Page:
Here’s to hoping this program will prompt the penny pinchers among Milan’s 1.25 million residents to step off the gas pedal and onto bike pedals instead.

*Correction: An earlier version of this article used miles instead of kilometers. Grist regrets the error and has sentenced the author to a four hour training session on the metric system.

CO2 Emissions Are Causing Earth to ‘Hyperventilate’

Every year, plants inhale and exhale carbon dioxide from the atmosphere. It’s a natural seasonal cycle that has played out over millennia.

But as humans emit more carbon dioxide (CO2) by burning fossil fuels, the steady rhythm is being replaced by a more erratic cycle as plants race to keep pace with all the new CO2 in the atmosphere. New research shows just how much that extra CO2 is changing our planet’s natural cycles.

Since the Industrial Revolution, humans activities have driven up CO2 in the atmosphere from 280 parts per million (ppm) to over 400 ppm for the first time in at least 400,000 years. The rise has been accurately measured, day-by-day and season-by-season since the late 1950s. Scientists have tracked a seasonal cycle where plants suck up CO2 over late spring and summer before releasing it back into the atmosphere when they die off in the fall.

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There’s been a curious shift over that time. While CO2 has risen steadily — as illustrated by the iconic Keeling Curve — the difference between the seasonal high measurements taken in the spring and the seasonal low measurements taken in the fall has been getting wider with each passing year. Instead of rising at the same rate, the seasonal high has been rising faster than the seasonal low.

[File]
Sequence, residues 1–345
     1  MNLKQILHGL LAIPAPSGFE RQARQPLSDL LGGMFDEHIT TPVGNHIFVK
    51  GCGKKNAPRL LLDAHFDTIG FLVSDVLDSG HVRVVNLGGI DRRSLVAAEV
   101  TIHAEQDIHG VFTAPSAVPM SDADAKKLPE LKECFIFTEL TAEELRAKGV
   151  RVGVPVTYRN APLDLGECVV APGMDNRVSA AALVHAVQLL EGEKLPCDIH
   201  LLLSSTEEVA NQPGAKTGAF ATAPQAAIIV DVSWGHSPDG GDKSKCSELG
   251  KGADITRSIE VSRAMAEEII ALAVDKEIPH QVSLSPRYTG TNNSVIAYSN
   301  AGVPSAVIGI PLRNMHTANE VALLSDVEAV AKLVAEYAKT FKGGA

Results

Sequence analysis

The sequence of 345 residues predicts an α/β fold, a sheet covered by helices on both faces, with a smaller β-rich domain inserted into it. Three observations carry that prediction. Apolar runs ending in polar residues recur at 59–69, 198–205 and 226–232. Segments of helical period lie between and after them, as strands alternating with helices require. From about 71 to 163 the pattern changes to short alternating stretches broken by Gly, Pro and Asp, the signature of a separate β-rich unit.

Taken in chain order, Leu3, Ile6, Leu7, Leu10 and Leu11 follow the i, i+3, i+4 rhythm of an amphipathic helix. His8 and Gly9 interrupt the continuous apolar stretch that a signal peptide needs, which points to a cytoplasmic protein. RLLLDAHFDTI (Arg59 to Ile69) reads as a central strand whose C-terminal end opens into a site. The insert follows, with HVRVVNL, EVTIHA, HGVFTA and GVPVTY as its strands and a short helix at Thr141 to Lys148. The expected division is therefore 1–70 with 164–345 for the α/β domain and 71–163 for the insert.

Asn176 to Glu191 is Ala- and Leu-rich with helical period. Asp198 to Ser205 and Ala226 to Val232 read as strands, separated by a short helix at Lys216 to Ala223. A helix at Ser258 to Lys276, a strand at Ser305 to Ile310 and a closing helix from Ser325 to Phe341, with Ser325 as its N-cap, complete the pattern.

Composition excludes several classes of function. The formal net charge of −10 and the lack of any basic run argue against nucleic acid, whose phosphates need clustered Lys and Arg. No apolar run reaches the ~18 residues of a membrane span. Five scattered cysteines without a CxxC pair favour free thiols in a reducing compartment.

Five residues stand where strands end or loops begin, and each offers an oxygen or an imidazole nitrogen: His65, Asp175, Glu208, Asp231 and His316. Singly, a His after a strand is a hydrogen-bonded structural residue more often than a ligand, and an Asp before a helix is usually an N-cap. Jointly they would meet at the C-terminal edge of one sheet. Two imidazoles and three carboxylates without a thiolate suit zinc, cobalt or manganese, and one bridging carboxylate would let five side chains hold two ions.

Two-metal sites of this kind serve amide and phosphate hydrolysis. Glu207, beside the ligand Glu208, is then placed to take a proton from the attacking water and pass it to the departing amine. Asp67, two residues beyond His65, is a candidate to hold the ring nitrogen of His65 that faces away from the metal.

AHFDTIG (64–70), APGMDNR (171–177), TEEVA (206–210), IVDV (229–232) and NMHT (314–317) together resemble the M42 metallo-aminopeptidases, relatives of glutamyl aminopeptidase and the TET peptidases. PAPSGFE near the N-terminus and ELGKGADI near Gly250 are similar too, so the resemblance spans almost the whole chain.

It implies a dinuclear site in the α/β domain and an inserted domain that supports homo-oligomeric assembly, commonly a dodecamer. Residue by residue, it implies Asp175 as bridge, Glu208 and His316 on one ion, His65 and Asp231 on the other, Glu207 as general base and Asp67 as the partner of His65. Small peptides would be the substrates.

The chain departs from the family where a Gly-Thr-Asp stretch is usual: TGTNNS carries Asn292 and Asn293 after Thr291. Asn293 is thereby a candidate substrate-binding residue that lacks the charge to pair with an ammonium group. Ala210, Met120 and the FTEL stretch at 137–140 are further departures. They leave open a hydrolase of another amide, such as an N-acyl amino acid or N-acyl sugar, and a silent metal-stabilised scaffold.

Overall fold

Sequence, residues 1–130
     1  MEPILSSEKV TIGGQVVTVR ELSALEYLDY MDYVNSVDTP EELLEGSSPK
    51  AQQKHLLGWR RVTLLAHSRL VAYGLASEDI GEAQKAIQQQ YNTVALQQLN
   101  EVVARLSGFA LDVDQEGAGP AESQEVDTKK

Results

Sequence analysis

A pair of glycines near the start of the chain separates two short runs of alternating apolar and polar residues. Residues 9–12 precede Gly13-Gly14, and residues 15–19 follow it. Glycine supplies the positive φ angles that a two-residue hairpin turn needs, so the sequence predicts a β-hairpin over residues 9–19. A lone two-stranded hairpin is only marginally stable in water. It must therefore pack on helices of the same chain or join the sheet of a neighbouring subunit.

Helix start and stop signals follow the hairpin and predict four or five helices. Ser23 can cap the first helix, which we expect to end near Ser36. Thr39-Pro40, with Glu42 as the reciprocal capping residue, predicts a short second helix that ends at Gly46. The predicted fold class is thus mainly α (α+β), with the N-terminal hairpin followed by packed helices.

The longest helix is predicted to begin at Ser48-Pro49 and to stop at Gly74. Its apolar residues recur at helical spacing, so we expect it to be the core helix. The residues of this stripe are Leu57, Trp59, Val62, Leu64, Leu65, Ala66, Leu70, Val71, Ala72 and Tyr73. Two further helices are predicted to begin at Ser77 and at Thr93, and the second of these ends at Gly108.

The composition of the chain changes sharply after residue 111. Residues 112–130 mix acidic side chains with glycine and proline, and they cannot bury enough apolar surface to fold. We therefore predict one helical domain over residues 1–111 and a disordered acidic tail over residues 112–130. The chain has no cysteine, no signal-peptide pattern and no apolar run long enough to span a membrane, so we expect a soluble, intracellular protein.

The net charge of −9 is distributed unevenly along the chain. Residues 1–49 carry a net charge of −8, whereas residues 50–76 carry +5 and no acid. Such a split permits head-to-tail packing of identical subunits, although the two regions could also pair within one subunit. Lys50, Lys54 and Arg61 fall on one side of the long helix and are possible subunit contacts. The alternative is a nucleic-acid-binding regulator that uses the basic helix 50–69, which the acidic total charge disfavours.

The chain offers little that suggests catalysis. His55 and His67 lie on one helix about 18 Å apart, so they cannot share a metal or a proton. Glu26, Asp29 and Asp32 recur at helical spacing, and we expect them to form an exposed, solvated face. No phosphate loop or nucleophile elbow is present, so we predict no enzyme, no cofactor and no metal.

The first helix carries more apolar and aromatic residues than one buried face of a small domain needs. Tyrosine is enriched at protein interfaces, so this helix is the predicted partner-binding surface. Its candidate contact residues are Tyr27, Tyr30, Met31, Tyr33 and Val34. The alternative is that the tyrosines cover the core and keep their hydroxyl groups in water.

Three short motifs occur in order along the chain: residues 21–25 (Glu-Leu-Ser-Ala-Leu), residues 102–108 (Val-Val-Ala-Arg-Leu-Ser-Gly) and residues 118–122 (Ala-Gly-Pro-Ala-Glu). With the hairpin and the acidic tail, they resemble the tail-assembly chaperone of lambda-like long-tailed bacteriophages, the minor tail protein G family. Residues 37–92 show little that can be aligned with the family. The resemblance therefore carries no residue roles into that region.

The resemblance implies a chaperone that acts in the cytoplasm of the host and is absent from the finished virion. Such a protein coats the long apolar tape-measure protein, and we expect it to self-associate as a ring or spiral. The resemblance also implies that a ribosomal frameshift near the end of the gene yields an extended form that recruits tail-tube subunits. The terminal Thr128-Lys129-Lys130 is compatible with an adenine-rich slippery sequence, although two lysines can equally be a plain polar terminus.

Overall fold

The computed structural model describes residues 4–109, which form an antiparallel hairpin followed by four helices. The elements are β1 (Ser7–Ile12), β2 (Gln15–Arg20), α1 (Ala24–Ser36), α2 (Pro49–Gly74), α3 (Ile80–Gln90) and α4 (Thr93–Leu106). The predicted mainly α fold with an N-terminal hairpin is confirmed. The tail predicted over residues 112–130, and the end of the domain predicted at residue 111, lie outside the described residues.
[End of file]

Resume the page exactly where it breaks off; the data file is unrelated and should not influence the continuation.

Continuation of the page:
The trend has been most extreme in the high northern latitudes, where the gap between the seasonal high and the seasonal low in a given year is now up to 25 percent greater than it was since recordkeeping began.

“Atmospheric CO2 measurements show how the patient ‘Earth’ is doing,” Matthias Forkel, a postdoctoral researcher at the Max Planck Institute for Biogeochemistry, said.

Borrowing a phrase from a 2013 article, he said, “the ‘biosphere is hyperventilating.’”

The new research ties the difference to plants colonizing new habitat such as formerly barren tundra. Other plants such as trees in boreal forests could also be growing faster. That’s allowing them to take up more CO2 for now, but it also comes with a cascade of changes that are reshaping the face of region.

As more plants colonize the tundra, they could eventually cause the world to warm even more rapidly. Their dark surfaces absorb more sunlight than reflective snow. They’re also changing habitat that animals and certain plants have relied on for centuries, putting their survival in jeopardy unless they adapt to new conditions.